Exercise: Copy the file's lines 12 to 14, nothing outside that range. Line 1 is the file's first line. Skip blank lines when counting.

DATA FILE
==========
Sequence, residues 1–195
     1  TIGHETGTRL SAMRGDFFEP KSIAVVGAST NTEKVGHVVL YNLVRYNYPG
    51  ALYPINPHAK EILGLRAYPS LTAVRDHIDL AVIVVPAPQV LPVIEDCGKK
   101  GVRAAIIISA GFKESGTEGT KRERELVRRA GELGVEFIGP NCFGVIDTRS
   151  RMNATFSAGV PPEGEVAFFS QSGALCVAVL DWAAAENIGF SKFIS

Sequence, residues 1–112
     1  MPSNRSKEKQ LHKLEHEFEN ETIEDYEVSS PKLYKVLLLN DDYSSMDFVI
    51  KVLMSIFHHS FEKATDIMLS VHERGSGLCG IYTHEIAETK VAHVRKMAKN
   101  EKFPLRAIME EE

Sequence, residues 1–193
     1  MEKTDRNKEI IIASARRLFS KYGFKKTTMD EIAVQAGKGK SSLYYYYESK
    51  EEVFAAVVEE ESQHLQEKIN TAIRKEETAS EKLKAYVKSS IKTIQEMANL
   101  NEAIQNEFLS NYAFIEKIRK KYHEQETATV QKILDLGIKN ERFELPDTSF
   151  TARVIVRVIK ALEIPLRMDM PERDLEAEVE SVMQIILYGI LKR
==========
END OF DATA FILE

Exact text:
    51  EEVFAAVVEE ESQHLQEKIN TAIRKEETAS EKLKAYVKSS IKTIQEMANL
   101  NEAIQNEFLS NYAFIEKIRK KYHEQETATV QKILDLGIKN ERFELPDTSF
   151  TARVIVRVIK ALEIPLRMDM PERDLEAEVE SVMQIILYGI LKR